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, 19 (6), 691-700

Neuroimaging Findings in Mowat-Wilson Syndrome: A Study of 54 Patients

Livia Garavelli  1 Ivan Ivanovski  1   2 Stefano Giuseppe Caraffi  3 Daniela Santodirocco  1 Marzia Pollazzon  1 Duccio Maria Cordelli  4 Ebtesam Abdalla  5   6 Patrizia Accorsi  7 Margaret P Adam  8 Chiara Baldo  9 Allan Bayat  10   11 Elga Belligni  12 Federico Bonvicini  1   13 Jeroen Breckpot  14 Bert Callewaert  15 Guido Cocchi  16 Goran Cuturilo  17   18 Koenraad Devriendt  14 Mary Beth Dinulos  19 Olivera Djuric  1 Roberta Epifanio  20 Francesca Faravelli  21 Debora Formisano  22 Lucio Giordano  7 Marina Grasso  9 Sabine Grønborg  23 Alessandro Iodice  24 Lorenzo Iughetti  13 Didier Lacombe  25   26 Massimo Maggi  27 Baris Malbora  28 Isabella Mammi  29 Sebastien Moutton  25   30 Rikke Møller  31   32 Petra Muschke  33 Manuela Napoli  27 Chiara Pantaleoni  34 Rosario Pascarella  27 Alessandro Pellicciari  4 Maria Luisa Poch-Olive  35 Federico Raviglione  36 Francesca Rivieri  37 Carmela Russo  27 Salvatore Savasta  38 Gioacchino Scarano  39 Angelo Selicorni  40   41 Margherita Silengo  12 Giovanni Sorge  42 Luigi Tarani  43 Luis Gonzaga Tone  44 Annick Toutain  45 Aurelien Trimouille  25 Elvis Terci Valera  44 Samantha Schrier Vergano  46   47 Nicoletta Zanotta  20 Marcella Zollino  48 William B Dobyns  49   50 Alex R Paciorkowski  51   52   53   54

Neuroimaging Findings in Mowat-Wilson Syndrome: A Study of 54 Patients

Livia Garavelli et al. Genet Med.


Purpose: Mowat-Wilson syndrome (MWS) is a genetic disease characterized by distinctive facial features, moderate to severe intellectual disability, and congenital malformations, including Hirschsprung disease, genital and eye anomalies, and congenital heart defects, caused by haploinsufficiency of the ZEB2 gene. To date, no characteristic pattern of brain dysmorphology in MWS has been defined.

Methods: Through brain magnetic resonance imaging (MRI) analysis, we delineated a neuroimaging phenotype in 54 MWS patients with a proven ZEB2 defect, compared it with the features identified in a thorough review of published cases, and evaluated genotype-phenotype correlations.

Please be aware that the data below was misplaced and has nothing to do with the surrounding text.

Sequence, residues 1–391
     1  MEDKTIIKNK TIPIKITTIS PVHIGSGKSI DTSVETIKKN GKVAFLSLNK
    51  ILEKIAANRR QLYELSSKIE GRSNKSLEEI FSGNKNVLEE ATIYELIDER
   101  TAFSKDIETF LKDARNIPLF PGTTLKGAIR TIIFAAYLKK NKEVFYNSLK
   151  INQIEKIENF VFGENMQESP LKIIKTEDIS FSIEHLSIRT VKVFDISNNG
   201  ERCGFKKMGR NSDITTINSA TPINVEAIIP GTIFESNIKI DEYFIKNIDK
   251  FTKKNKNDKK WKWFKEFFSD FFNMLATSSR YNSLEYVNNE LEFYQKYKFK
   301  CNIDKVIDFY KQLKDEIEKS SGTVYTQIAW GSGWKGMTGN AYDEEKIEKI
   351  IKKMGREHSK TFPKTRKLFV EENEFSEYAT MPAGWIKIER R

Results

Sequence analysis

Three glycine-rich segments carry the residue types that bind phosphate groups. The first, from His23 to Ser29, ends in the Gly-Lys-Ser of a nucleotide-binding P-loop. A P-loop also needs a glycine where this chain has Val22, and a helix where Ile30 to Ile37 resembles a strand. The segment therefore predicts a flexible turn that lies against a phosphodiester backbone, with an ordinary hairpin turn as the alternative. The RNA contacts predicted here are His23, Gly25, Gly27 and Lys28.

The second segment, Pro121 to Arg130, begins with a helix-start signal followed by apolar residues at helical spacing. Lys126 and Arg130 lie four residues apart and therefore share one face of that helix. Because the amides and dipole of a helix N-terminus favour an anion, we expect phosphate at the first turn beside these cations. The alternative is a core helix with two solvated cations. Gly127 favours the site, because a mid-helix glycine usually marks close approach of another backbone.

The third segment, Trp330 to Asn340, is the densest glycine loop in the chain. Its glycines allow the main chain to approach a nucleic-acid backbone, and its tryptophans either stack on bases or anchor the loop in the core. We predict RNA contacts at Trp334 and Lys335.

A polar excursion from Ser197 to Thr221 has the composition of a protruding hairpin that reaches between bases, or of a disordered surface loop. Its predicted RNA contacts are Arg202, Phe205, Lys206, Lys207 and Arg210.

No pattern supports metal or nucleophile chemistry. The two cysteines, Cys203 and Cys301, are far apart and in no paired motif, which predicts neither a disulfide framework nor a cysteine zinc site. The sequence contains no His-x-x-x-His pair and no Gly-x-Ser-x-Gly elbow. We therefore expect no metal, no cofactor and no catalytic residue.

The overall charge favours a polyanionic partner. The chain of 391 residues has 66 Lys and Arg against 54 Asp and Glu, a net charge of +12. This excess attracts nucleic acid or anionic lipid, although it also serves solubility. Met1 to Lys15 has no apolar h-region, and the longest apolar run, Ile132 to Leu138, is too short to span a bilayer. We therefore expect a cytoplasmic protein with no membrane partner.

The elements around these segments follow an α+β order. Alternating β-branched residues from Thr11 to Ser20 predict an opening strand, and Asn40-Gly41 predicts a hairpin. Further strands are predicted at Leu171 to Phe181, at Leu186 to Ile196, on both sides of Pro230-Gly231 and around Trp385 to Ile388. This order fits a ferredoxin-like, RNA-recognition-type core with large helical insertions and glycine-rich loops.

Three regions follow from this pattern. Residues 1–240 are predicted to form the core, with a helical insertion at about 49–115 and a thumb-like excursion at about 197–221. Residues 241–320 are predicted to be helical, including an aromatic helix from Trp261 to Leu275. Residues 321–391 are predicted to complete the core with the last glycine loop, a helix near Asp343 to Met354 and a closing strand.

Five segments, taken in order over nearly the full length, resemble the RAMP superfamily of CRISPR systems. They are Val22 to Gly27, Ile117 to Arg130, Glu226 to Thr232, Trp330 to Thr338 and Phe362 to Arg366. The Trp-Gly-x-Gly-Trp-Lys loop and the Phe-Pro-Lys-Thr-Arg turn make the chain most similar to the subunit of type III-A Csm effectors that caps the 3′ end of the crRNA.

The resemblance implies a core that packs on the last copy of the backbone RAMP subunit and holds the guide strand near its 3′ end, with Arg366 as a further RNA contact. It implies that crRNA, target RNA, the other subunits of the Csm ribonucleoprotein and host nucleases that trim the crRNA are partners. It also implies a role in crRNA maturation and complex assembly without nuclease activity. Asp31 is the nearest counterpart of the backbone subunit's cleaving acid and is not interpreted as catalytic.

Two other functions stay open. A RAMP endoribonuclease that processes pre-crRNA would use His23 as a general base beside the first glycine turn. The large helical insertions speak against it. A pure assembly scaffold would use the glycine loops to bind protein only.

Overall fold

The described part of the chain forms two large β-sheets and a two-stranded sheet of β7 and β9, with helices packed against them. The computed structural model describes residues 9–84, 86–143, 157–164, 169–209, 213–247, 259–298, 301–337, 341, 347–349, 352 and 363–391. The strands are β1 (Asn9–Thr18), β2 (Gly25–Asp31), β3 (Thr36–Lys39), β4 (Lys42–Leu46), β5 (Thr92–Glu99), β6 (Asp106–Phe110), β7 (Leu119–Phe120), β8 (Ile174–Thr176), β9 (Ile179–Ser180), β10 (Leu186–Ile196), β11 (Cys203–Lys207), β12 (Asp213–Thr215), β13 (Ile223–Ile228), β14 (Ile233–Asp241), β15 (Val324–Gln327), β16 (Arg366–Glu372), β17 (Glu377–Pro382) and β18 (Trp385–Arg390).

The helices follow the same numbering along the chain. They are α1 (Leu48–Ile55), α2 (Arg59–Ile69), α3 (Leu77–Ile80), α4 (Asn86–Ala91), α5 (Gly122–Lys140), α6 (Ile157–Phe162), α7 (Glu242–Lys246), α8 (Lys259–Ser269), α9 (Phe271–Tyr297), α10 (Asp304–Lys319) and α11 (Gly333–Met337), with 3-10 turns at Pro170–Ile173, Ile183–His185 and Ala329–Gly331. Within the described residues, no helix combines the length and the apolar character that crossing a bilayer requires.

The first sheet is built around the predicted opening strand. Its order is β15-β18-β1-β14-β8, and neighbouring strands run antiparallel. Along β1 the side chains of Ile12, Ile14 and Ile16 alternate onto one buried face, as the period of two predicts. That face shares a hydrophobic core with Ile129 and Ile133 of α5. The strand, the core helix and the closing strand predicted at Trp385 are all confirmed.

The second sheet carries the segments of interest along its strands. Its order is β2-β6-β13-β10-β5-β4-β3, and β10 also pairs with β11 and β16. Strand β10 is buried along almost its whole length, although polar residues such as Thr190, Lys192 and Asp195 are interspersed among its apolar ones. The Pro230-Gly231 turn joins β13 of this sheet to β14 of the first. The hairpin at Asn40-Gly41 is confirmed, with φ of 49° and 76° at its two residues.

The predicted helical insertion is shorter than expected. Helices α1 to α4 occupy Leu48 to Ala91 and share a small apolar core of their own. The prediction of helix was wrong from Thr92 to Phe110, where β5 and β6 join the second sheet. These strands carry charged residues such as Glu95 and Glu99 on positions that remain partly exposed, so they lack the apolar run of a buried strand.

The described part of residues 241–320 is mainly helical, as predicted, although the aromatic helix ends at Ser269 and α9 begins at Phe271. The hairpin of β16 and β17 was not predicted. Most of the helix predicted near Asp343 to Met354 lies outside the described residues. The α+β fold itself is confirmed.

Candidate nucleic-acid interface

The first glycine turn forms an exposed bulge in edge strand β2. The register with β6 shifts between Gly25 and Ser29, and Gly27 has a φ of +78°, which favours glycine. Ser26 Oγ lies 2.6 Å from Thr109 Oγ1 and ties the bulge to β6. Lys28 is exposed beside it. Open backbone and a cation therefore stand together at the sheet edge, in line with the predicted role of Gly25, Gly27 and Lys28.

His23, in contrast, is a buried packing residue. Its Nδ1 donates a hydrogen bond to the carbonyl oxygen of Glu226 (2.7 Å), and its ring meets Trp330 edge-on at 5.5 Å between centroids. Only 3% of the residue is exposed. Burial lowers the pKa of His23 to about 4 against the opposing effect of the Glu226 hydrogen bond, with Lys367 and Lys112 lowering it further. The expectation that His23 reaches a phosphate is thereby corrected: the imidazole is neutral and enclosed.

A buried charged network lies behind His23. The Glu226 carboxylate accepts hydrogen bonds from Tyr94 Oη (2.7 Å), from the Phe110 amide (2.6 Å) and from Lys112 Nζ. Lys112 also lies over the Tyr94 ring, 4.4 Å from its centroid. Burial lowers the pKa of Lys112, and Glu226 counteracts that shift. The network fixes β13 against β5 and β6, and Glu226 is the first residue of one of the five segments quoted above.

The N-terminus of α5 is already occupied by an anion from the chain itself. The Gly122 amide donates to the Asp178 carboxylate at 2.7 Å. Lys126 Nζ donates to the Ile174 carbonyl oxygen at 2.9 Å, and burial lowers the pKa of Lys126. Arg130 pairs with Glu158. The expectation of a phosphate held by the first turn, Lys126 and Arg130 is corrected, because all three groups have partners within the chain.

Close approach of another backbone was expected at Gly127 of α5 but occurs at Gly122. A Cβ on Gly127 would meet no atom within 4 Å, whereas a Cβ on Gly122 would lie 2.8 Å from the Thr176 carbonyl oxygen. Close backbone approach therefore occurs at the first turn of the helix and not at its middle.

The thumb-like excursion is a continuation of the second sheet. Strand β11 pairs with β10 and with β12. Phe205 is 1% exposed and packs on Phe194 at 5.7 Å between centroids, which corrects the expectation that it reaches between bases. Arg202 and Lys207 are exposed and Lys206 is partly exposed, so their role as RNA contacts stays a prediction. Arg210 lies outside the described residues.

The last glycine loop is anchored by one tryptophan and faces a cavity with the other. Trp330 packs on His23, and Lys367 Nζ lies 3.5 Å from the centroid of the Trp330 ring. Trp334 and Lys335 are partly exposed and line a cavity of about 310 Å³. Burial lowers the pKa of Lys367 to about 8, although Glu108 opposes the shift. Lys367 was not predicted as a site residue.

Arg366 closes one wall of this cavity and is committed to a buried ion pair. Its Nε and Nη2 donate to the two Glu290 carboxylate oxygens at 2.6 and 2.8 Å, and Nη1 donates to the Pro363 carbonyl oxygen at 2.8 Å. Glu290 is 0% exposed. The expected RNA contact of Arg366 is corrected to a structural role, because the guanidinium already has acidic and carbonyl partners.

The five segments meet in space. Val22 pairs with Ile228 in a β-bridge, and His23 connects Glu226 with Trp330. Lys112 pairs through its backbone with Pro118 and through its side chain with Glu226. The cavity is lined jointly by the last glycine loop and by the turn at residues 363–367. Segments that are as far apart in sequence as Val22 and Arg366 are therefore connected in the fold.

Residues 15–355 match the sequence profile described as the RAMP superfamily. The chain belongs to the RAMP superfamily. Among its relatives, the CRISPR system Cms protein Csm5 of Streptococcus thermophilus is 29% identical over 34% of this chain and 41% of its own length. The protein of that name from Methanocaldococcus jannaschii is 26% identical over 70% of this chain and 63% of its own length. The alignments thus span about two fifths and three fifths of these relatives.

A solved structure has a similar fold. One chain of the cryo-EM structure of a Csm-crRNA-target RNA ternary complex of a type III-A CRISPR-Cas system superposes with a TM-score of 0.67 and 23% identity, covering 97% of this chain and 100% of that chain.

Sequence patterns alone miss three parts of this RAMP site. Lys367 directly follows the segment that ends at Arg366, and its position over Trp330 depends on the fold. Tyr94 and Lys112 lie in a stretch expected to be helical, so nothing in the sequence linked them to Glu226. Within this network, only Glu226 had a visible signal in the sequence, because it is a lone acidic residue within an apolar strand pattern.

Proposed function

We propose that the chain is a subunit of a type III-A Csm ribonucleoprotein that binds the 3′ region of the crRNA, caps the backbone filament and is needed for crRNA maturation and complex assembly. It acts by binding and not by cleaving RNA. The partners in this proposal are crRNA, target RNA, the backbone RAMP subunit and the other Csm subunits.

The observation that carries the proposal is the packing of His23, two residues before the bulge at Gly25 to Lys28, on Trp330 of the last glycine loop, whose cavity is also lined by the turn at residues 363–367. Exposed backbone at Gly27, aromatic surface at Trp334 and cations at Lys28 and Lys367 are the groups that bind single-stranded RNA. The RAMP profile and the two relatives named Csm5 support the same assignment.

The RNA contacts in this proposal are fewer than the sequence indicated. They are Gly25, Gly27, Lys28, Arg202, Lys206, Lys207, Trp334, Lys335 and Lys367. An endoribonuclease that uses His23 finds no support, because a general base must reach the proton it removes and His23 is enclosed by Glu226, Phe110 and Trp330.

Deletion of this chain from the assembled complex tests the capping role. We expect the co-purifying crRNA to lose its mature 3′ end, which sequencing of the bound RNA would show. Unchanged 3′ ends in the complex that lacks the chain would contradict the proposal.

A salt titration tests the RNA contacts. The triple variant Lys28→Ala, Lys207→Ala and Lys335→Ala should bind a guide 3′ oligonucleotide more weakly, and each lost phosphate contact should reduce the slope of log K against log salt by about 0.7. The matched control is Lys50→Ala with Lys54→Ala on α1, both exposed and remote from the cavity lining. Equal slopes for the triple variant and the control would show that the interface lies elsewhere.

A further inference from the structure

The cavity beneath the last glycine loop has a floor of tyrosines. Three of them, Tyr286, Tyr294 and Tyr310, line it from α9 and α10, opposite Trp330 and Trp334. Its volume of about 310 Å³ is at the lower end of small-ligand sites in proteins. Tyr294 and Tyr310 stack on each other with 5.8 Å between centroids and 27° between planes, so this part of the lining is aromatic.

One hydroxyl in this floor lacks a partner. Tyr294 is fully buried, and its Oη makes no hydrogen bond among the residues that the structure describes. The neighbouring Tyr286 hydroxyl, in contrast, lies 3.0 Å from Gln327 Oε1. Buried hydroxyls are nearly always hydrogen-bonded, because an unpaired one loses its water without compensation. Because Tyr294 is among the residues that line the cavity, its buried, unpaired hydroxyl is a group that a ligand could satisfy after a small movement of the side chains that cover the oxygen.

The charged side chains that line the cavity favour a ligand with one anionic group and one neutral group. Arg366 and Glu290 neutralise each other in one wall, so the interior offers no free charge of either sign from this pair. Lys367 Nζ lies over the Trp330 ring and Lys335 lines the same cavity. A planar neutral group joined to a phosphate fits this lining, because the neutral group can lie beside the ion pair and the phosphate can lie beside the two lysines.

Results: Ninety-six percent of patients had abnormal MRI results. The most common features were anomalies of corpus callosum (79.6% of cases), hippocampal abnormalities (77.8%), enlargement of cerebral ventricles (68.5%), and white matter abnormalities (reduction of thickness 40.7%, localized signal alterations 22.2%). Other consistent findings were large basal ganglia, cortical, and cerebellar malformations. Most features were underrepresented in the literature. We also found ZEB2 variations leading to synthesis of a defective protein to be favorable for psychomotor development and some epilepsy features but also associated with corpus callosum agenesis.

Conclusion: This study delineated the spectrum of brain anomalies in MWS and provided new insights into the role of ZEB2 in neurodevelopment.Genet Med advance online publication 10 November 2016.


Figure 1
Figure 1
Brain magnetic resonance imaging findings in the cohort and in the literature.
Figure 2
Figure 2
Brain magnetic resonance imaging findings in the cohort. (a) Complete agenesis of corpus callosum; (b) partial agenesis of corpus callosum; (c) hypoplasia of corpus callosum; (d) hippocampal abnormalities; (e) lateral ventricle enlargement and reduction of white matter thickness; (f) localized signal alteration of white matter; (g) cortical dysplasia; (h) ventricular temporal horn enlargement; (i) large basal ganglia; (j) posterior fossa findings; and (k) periventricular nodular heterotopia.
Figure 3
Figure 3
Genotype–phenotype correlation. (a) Brain magnetic resonance imaging features; (b) seizure onset; (c) types of seizures and resistance to therapy; and (d) developmental milestones.

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